Chemotherapeutic Intervention and C. diff
Medication and antimicrobial drugs can also have drastic effects on the gut microbiome that invoke risk of secondary infections, allergies, and other diseases like obesity (Becattini et al., 2016). Though many of these prescribed treatments are necessary to combat infectious diseases, the aftermath may have more serious consequences. Not only does antimicrobial therapy disrupt the resident microbiome, but misuse, suboptimal dosing, and patient noncompliance can create conditions conducive to fostering antimicrobial resistance through selective pressure.
Clostridioides difficile (commonly called C. diff) infections are directly associated with antibiotic-induced dysbiosis in the gastrointestinal tract. C. difficile is part of the normal microbiota, however, as an opportunistic pathogen it can invade or colonize empty niches brought about by dysbiosis and cause potentially fatal episodes of pseudomembranous colitis, which is associated with abdominal cramping, pain, sepsis, and bouts of diarrhea (Kho and Lal, 2018). Infection and transmission of this organism has been well known for its prevalence in hospital settings, primarily affecting the elderly and immunocompromised, however, community-associated infections have recently increased in what was once considered low-risk populations (Rouphael et al., 2008, Baker et al., 2010, Hensgens et al., 2012, Benson et al., 2015, Johanesen et al., 2015). It is also alarming that this organism has resistance mechanisms to many commonly prescribed antimicrobials, including β-lactams, aminoglycosides, lincomycin, tetracyclines, and erythromycin (George et al., 1978), and more recently ‘hypervirulent’ strains have developed resistance to fluoroquinolones (He et al., 2013, Johanesen et al., 2015). C. difficile infections have an enrichment of fungi that associate with the bacteriome and perhaps antifungal therapy could help improve treatment success if administered in conjunction with specific antibacterial drugs (Stewart et al., 2019). Though, these infections can have lingering impacts on the gut microbiome, as further antimicrobial therapy that is usually required can perpetuate the situation. The inflammation as a result of the disease induces the production of antimicrobial peptides by epithelial cells and neutrophils which inhibit the growth of the natural resident commensal microbes (Leber et al., 2015).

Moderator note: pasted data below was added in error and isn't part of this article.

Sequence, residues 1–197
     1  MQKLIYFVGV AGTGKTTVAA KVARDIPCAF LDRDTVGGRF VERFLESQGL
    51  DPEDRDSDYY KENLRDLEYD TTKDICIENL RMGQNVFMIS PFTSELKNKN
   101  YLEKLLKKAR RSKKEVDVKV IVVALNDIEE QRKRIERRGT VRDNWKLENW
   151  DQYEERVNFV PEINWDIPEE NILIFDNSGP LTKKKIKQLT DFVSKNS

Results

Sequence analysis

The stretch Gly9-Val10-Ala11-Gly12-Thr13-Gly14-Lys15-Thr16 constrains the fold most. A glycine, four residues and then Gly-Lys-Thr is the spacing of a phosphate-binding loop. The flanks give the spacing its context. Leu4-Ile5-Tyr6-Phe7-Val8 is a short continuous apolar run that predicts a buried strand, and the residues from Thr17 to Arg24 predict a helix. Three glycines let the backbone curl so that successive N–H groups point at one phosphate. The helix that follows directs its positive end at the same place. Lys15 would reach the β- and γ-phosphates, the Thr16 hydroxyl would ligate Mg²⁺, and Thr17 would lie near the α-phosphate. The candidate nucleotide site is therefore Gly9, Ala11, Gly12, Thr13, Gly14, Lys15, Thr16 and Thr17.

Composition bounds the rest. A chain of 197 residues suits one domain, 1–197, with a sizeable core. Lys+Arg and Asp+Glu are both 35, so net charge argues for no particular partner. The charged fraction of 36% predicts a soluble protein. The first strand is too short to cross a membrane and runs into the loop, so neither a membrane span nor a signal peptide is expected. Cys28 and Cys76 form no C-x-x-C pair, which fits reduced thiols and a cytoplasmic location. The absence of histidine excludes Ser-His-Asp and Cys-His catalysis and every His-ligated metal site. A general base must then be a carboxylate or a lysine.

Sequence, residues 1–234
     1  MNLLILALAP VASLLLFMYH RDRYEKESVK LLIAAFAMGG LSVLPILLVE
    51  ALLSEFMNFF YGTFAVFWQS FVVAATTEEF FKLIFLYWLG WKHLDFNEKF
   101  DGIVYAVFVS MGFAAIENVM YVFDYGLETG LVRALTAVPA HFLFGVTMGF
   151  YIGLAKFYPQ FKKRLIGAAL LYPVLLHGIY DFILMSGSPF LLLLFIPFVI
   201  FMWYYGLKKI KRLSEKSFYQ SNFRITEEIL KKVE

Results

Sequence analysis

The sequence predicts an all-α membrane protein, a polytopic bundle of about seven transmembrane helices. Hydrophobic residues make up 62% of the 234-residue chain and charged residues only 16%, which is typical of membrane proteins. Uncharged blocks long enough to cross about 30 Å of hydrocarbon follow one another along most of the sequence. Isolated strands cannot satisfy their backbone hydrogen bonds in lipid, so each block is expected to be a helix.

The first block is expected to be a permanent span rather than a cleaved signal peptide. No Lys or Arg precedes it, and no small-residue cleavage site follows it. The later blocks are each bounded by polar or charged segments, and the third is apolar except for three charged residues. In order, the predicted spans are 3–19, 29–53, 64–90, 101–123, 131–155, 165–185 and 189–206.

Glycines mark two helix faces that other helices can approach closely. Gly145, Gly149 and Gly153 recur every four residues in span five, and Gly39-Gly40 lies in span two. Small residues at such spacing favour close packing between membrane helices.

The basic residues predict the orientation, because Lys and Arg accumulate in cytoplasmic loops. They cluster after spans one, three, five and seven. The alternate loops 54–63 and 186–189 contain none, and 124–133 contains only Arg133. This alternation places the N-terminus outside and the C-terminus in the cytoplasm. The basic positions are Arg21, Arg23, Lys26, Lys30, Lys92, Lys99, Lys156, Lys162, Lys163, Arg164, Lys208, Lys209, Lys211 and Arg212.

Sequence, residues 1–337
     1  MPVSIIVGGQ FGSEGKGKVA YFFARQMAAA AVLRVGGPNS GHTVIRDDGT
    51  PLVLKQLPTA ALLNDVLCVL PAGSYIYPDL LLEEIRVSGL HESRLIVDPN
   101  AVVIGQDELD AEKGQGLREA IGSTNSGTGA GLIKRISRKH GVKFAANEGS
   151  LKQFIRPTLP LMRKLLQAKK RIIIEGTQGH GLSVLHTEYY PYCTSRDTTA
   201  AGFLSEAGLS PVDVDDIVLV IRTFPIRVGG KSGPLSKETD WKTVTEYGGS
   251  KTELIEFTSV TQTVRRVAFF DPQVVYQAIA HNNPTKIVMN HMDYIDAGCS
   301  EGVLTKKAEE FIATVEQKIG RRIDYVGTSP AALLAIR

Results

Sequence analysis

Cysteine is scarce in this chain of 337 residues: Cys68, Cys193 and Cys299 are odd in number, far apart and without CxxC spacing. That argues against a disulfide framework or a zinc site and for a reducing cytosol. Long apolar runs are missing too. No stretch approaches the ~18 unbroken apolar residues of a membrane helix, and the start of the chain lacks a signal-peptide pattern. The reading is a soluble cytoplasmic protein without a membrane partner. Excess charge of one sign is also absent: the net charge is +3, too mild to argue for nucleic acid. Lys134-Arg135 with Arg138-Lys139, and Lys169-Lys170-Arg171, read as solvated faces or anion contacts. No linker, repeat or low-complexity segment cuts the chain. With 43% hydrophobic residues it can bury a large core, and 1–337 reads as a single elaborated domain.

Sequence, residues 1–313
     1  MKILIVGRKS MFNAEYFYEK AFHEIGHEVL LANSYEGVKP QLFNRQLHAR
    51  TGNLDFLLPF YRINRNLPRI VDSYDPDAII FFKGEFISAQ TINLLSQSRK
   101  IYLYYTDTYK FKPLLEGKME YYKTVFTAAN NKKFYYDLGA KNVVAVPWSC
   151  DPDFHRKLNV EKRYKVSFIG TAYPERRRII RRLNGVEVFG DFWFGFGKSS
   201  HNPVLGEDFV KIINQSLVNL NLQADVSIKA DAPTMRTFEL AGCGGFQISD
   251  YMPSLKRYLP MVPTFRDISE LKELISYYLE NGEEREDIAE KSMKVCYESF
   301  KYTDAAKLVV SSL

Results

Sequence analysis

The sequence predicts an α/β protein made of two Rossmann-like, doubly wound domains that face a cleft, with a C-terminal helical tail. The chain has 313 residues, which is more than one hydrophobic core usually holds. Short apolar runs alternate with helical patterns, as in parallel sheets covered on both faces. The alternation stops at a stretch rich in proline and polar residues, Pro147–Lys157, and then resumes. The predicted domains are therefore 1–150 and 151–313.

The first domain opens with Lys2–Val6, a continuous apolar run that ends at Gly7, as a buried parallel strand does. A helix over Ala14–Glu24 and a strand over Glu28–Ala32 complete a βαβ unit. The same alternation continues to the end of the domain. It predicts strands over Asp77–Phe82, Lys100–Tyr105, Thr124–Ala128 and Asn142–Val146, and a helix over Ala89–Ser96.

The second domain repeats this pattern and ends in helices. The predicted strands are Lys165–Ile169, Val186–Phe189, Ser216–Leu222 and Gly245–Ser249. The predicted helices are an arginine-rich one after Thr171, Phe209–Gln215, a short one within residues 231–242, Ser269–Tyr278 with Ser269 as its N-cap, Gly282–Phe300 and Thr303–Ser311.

While many events of gut dysbiosis are directly linked to the chemotherapeutic effects on microbes since they are prescribed to target microbes responsible for the infection, some medications which are meant to address other diseases, like antidepressants for mental health, have undesired effects on the microbiome (Maier and Typas, 2017). In the cases of multi-drug combinations (e.g. non-steroidal anti-inflammatory drugs (NSAIDs), antidepressants, laxatives, proton-pump inhibitors (PPIs), etc.), it is not the number of drugs that affect gut microbiome diversity, but rather the types of drugs (Rogers and Aronoff, 2016). Though these scenarios become complicated as it is difficult to ascertain whether the alterations observed on the microbiome are from the drug’s mechanism of action, a downstream side effect, or originate from the condition that is being treated, and it is likely a complex combination of all factors for each disease and medication (Rogers and Aronoff, 2016, Maier and Typas, 2017, Jackson et al., 2018).